So last week I’m with a client, discussing the finer points of navigating a new release of their flagship web application. We had come to easy consensus on virtually every aspect of the design save one, and the group around the table was pretty evenly divided on just how the function should be implemented on the page. Should it be a button or a hyperlink? Should it go here, or there?

Easy enough, I say. It’s a single element on the page — let’s just mock it up both ways, and see how it tests. [Silence] You know, the user testing sessions we’ve got scheduled after we render the pages to HTML? [chirp, chirp, chirp]

Okay, I say. Did you want to tell me something?

Well, says the project manager, the project’s budget has been cut. And its timeline. The only way to keep it under budget and on time was to take out bits here and there. And user testing–all user testing–was the first bit to go.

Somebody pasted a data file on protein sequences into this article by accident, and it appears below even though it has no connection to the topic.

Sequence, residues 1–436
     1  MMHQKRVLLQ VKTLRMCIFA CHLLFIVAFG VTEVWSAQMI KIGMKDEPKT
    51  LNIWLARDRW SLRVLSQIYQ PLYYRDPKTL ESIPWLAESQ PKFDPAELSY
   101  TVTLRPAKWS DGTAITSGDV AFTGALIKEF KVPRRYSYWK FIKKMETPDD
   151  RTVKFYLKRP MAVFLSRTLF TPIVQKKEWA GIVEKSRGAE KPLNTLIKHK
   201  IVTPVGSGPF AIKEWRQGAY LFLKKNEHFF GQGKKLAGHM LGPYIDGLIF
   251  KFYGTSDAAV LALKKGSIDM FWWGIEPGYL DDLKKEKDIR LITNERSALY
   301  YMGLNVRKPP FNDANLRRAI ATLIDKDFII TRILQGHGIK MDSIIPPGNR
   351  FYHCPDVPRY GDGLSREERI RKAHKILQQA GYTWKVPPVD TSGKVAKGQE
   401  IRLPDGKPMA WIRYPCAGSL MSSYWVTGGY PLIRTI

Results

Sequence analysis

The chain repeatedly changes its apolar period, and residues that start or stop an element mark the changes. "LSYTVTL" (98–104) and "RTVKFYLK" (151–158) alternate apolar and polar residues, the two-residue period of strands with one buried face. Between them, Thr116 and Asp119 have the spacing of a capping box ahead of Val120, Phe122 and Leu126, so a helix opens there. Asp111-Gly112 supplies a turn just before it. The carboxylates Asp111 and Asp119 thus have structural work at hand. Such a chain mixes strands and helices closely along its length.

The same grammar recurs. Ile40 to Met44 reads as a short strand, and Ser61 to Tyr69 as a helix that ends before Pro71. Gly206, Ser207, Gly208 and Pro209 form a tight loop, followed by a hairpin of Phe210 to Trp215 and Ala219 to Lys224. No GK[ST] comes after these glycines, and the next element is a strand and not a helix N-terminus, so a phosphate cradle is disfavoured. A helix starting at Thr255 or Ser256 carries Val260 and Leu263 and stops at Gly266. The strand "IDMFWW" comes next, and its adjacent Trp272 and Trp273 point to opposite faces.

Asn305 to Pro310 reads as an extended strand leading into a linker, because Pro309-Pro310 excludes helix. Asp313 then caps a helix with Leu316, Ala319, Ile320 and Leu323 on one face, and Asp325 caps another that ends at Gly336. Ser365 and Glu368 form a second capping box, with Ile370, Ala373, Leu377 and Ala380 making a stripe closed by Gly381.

I could have given my stump speech on the importance of user testing — on how it saves money by eliminating rework down the road, how it can reduce customer call-center needs, and makes for a better customer experience overall by not making the user feel stupid. But I’d already converted this group. They knew, too, that cutting user testing from the project was foolish and shortsighted. But all of their projects’ budgets were being cut — all development was being scaled back to trim expenses. They are a publicly held company, after all. They have to meet analysts’ expectations for the quarter. If they miss their target by even a penny, their stock’s share price will slip. A lot, maybe.

So, to meet the expectations of some faceless Wall Street analyst — somebody who will never use this application, and probably doesn’t even use this company’s products’ — the folks who are customers and will use this application every day will probably suffer for it.

Am I the only one who finds this absurd?

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